First of all, Gospel music isn’t so much about musical style as it is about attitude.  The director’s passion and infectious joy quickly spreads.  My wife did this conference with some friends a year earlier, and the first thing she said when she returned was to comment about how positive the director and everyone else was.  Not about the songs.  Not about the band (which really cooks). Not about the rehearsal technique.

In Gospel choirs there are only three parts: Soprano, Alto, and Tenor.  Being more of a baritone combined with age and eventually exhaustion to produce some unintended results, but more on that later.

All of the parts are learned by rote, not note.  There is no printed music handed out.  Not even to the band members.  We were given lyrics sheets, but were not to use these at the final concert.  There was a fair amount to memorize in a short time.

Time was the one thing that we didn’t have, but instead of launching into each of three rehearsal sessions with wild abandon, Karen chose instead to take some time to explain the spiritual foundation for each song.  She told us to sing “with our faces and with our eyes.”  It’s all about communicating a message to the audience.

But you can’t do that and not be affected by it yourself.  My wife and I attended a concert years ago by a large American gospel choir, and so I’ve known the energy that this music conveys.  In the course of producing a radio show, I amassed a collection of Christian vinyl albums of all kinds, including a fairly large — by Canadian standards — selection of mass choir music.  Still, nothing prepared me for the transformation of actually singing the material; having the lyrics embedded in your mind and soul.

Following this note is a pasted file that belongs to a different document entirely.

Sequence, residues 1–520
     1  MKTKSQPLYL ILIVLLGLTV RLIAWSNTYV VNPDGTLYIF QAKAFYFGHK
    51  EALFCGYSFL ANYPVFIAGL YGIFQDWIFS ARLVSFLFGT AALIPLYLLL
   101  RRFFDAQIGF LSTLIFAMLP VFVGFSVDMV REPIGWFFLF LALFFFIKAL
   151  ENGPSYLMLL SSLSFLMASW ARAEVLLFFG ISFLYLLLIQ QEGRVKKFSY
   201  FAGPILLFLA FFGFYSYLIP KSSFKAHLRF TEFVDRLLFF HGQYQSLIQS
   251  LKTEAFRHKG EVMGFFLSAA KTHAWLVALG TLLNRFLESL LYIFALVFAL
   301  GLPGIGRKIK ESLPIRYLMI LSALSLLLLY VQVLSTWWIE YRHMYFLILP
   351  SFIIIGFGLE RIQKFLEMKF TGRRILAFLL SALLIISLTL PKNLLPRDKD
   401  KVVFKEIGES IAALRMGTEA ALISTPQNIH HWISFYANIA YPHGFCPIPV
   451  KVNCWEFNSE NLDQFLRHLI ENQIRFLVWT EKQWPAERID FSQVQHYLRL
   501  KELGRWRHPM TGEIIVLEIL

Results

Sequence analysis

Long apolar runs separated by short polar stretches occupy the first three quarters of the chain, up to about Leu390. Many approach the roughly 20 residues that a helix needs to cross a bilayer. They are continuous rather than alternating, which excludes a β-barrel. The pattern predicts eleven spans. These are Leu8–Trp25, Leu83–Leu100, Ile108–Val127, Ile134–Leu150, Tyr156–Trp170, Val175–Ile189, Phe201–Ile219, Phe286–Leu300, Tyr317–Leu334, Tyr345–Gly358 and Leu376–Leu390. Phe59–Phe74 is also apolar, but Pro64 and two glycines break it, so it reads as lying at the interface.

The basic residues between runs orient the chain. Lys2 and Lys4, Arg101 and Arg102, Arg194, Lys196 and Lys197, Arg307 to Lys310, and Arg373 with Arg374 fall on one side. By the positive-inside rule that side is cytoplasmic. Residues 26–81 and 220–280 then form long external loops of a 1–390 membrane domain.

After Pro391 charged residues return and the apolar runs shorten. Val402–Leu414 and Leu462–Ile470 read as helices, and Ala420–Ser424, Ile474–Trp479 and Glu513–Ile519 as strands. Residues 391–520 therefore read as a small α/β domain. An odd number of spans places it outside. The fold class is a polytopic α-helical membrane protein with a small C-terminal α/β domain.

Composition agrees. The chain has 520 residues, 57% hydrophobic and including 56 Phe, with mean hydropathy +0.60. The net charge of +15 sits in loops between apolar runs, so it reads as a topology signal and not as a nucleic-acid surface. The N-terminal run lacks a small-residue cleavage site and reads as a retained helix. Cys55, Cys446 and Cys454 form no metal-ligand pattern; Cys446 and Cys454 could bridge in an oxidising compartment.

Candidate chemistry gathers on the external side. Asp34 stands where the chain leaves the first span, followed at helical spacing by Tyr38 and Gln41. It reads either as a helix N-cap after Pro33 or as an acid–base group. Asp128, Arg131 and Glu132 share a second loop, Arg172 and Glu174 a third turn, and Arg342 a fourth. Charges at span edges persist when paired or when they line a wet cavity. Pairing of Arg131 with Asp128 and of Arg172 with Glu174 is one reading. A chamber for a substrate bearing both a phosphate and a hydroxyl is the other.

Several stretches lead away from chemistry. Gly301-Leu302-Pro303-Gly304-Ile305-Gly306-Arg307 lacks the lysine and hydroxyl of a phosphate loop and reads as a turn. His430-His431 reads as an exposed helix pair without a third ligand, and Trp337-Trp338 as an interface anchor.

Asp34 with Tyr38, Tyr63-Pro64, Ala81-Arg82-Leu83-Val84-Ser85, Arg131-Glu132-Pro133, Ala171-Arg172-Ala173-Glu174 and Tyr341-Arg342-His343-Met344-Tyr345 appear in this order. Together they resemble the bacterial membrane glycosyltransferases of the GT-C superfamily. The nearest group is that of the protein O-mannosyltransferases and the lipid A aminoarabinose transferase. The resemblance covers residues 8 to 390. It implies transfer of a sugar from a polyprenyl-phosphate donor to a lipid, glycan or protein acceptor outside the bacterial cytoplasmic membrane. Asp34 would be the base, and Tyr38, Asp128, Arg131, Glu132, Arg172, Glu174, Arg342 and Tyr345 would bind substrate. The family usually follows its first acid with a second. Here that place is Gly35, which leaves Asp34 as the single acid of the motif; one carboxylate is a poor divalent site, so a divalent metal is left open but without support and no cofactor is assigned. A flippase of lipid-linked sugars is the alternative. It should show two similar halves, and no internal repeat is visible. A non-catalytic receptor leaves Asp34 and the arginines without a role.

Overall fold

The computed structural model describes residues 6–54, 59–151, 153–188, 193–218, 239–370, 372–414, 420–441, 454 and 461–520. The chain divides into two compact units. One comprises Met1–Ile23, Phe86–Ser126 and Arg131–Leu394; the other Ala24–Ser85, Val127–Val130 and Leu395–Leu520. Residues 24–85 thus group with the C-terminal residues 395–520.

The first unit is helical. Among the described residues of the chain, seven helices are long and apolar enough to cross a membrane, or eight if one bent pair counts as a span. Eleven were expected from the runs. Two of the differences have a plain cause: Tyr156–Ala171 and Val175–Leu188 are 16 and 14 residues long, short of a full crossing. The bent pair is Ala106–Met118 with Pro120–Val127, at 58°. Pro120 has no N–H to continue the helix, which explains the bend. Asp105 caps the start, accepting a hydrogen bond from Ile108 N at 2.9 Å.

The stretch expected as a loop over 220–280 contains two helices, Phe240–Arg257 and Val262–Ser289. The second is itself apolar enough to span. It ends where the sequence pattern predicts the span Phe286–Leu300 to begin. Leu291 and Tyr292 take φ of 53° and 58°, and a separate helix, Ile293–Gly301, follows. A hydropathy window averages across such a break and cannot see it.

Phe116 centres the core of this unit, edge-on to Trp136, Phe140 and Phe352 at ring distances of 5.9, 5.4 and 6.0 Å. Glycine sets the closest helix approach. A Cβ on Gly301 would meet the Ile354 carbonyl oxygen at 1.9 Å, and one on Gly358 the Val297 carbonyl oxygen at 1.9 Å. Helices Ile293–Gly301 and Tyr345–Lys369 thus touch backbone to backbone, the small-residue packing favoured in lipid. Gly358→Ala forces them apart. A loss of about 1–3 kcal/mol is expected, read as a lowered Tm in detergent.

Twenty four hours later the songs — especially the lyrics — are still looping in my head.

There were some major challenges for me with this event.  The first was the range of the music.  The first day of the conference started with seminars and then after supper we practiced until 10:30 PM.  I felt I had damaged my vocal cords singing in a range to which I’m not accustomed.

We got checked into our hotel around 11:30 and had to be on the road by 8:00 the next morning.  I’ve said this before, but music ministry in the modern church is increasingly a young man’s game.  This was a workout that left me exhausted, which I would pay for later.

Then there’s the challenge of lyrical associations.   When we sang,

The name of the Lord is a strong tower;

Everything within me wanted to sing,

The righteous run into it and they are safe;

Instead of the correct line which was,

Just call on His name you’ll have the victory.

Then there was the problem of wanting to position myself next to someone who I could ‘lean on’ musically.  While there were a few TMC people scattered around the group, a lot of the people where I was seated were neophytes like me, some of whom with decidedly less musical training, and some actually hampered by extensive classical choral training.